I do think the Stainless Steel frame is a great product, but its not 
perfect. I even praise it during my frame restoration log on my 
website! But, the context in which I was asked to compare the 
stainless frame to galvanising was in terms of cost, and in that 
sense, the galvanising option is far better value than the stainless 
frame. It equals the stainless frame in terms of eliminating rust, 
and it retains the original look of the DeLorean frame. The stainless 
frame might be slightly stronger than my galvanised and strengthened 
frame, but I doubt this would be noticeable in every day driving. 
Maybe on a race track it would make a difference...


You also said the following:

>As a a final note, it is important to mention that John's financial
>account of the amount of money required for the "galvanizing
>approach" is lacking some serious analysis. John's posting would
>lead you to believe that complete frame repair and galvanizing cost
>only $1,200 US. In order for this to be true, you would have to
>assume that the tools and supplies he used did not have any cost.
>Further, you would have to assume that John's or your time and
>expertise is worth NOTHING. I know a significant amount of time was
>spent on this frame restoration. If you lack the ability to perform
>this work yourself, you will have to pay someone to do it. The big
>problem with this approach is that you have no idea, up front, what
>each individual frame will require.

My reply:

My financial account of my frame repairs is not lacking serious 
analysis, it's a fact that the frame restoration cost me about $1200. 
OK, I did buy a paintbrush to apply the nitromors paint stripper, and 
a few tins of nitromors (at 7 euros each), which I did not account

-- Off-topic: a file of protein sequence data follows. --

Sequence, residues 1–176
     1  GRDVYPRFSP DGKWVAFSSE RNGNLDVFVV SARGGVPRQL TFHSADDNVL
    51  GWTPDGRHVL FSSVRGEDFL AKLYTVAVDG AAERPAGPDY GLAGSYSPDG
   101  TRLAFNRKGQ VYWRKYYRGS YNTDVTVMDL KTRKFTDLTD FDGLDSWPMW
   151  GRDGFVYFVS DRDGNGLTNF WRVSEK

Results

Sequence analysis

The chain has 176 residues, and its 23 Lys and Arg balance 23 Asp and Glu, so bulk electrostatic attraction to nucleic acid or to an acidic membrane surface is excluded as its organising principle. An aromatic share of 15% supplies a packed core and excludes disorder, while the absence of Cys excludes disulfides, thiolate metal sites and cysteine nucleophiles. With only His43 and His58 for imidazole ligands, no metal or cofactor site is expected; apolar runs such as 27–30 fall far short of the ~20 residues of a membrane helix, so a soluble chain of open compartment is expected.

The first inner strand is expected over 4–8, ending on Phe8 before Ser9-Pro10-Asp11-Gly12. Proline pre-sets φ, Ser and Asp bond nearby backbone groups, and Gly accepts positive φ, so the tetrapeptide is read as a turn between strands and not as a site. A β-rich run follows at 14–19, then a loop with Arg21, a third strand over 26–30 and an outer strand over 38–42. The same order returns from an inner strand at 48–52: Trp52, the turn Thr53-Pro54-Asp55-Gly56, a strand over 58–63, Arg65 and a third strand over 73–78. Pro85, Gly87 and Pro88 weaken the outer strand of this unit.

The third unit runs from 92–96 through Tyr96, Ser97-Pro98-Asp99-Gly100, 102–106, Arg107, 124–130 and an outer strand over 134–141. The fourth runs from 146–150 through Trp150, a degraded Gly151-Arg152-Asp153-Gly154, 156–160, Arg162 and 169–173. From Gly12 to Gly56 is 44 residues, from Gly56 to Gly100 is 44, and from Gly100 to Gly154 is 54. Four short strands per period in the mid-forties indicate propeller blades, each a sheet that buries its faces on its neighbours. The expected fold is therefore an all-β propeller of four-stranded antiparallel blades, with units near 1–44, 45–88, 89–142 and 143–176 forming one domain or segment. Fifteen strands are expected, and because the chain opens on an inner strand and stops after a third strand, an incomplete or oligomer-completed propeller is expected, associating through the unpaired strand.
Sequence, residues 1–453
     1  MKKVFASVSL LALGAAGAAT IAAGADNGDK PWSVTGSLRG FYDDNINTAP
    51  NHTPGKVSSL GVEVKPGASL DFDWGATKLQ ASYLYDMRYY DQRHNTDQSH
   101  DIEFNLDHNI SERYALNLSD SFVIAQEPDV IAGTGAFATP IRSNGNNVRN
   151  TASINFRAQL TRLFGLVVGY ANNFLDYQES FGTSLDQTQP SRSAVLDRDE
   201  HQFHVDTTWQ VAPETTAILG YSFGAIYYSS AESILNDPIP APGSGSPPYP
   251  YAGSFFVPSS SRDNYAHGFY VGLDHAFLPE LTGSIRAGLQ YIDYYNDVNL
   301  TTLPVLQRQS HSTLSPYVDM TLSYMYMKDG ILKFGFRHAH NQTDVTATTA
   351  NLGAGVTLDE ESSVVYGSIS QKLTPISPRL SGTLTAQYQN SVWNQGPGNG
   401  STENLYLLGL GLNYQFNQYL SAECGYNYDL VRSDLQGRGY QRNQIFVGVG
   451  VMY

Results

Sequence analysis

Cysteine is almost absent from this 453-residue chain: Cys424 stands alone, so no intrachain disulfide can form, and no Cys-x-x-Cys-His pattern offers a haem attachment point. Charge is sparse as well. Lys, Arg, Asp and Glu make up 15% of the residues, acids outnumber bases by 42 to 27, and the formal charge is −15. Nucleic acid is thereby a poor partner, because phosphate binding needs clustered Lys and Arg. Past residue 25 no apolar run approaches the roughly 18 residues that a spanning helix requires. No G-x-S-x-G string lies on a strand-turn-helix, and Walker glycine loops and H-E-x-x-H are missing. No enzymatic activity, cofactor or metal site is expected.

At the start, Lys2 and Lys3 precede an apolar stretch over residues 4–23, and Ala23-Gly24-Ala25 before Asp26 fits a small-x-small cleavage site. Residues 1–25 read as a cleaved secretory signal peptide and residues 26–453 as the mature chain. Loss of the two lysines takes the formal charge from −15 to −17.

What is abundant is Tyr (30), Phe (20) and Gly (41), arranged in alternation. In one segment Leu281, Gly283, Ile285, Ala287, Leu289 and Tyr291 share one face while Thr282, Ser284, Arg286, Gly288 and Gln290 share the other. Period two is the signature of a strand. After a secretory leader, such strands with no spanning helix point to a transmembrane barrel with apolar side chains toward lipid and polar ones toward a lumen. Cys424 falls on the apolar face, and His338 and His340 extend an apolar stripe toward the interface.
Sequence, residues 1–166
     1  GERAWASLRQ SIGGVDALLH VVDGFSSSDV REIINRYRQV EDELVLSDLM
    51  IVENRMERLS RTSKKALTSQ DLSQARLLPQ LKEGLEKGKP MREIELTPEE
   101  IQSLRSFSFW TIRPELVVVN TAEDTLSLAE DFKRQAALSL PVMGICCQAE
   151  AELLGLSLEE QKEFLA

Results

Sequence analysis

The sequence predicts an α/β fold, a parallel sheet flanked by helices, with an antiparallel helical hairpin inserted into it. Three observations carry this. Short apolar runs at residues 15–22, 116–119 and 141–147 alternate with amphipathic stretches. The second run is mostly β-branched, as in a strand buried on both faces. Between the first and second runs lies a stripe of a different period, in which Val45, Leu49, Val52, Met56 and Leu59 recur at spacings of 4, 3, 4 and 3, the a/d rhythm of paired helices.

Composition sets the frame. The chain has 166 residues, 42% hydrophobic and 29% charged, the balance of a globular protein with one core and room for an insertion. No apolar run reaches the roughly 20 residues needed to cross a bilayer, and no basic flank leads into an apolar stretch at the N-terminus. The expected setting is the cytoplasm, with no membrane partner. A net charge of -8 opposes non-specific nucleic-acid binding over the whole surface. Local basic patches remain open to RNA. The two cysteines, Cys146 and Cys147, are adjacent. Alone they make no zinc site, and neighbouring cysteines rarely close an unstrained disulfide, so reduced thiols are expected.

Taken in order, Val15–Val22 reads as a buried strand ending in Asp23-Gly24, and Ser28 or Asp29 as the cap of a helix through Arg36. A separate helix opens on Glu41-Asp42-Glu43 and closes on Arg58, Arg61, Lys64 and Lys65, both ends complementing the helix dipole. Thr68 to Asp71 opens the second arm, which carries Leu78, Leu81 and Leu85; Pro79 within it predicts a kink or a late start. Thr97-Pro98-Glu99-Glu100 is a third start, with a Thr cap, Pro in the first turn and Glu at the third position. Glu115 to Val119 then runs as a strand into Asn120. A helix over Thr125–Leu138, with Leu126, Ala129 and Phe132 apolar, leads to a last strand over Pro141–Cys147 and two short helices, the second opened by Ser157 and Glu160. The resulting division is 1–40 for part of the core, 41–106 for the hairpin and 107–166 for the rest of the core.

for. Other than that, I spent 20 Euros on a heat gun, and 30 euros (I 
think) on an angle grinder. So, my cost estimate might be out by as 
much as 80 euros (less than 100 US dollars).

Of course, there was my time also. Although this restoration took 
nearly 18 months, if you read the website you will see that most of 
this time was not spent working on the project. I'd do 3 days here, 
then do nothing for 8 months due to not having time. Then I'd do 
another day or 2, and not go near it again for another few weeks.

The actual time spent stripping the epoxy, cutting old metal out, 
fabricating new metal, and welding the new metal back in was not 
really that much. Most of the time was wasted trying to figure out 
how to remove the epoxy. Now that I know how to do it, I could do it 
much faster the next time. Anyway, my time is my own, and I enjoyed 
the work whenever I had time to do it. Todd sounds like he is the 
kind of guy who doesn't mind doing his own work where possible - he 
is already doing spot repairs to his chassis with POR-15, so he could 
save himself up to $9000 by repairing his own chassis and galvanising 
it, rather than purchasing one of your Stainless Steel versions.

Finally, you said:

>Last Fall I worked with John to determine shipping and other costs to
>get a Stainless Frame sent to him. I felt that we had positive
>interaction so I am confused about this attack on my product and the
>effort to produce it.

Yes, of course I remember all this, and I remember emailing you when 
I finally decided not to purchase a stainless frame from you. I 
explained that while I might be willing to pay $8000, paying $15,000 
including shipping and taxes is another matter entirely. I apologised 
for wasting some of your time researching the shipping cost to 
Ireland, and I said I hoped to meet you at Eurofest. I felt it was a 
positive interaction also.

It is not an attack - I have not said anything untrue or unreasonable 
about your stainless steel chassis. I don't feel that I owe you any 
favours, so when someone asks for my opinion on what is the best 
option, I will be honest with them, and continue to recommend 
galvanising. 

I would be very interested in seeing a reply from you regarding the 
projected cost of $90,000 for a frame incorporating the design 
features I commented on being missing from your stainless steel 
frames. I'm sure others would be interested in seeing a justification 
for this price also, now that my website shows how easy it is to 
incorporate these features.

Regards,
John Dore, Ireland

http://www.delorean.ie


--- In dmcnews@xxxxxxxxxxxxxxx, Bryan Pearce <bryanp@...> wrote:
> Hello All:
> Great to meet a bunch of you at DCS 2006!
> 
> I feel compelled to respond to, what seems to be, an attack on our  
> Stainless Steel frame solution for the DeLorean and the effort 
that was required to make this product available to the DeLorean  
> community.  While I applaud the effort put forth by John Dore on 
his restoration, I am offended by his comments.  John fails to realize the amount of time and effort required to build a stainless steel frame for our cars.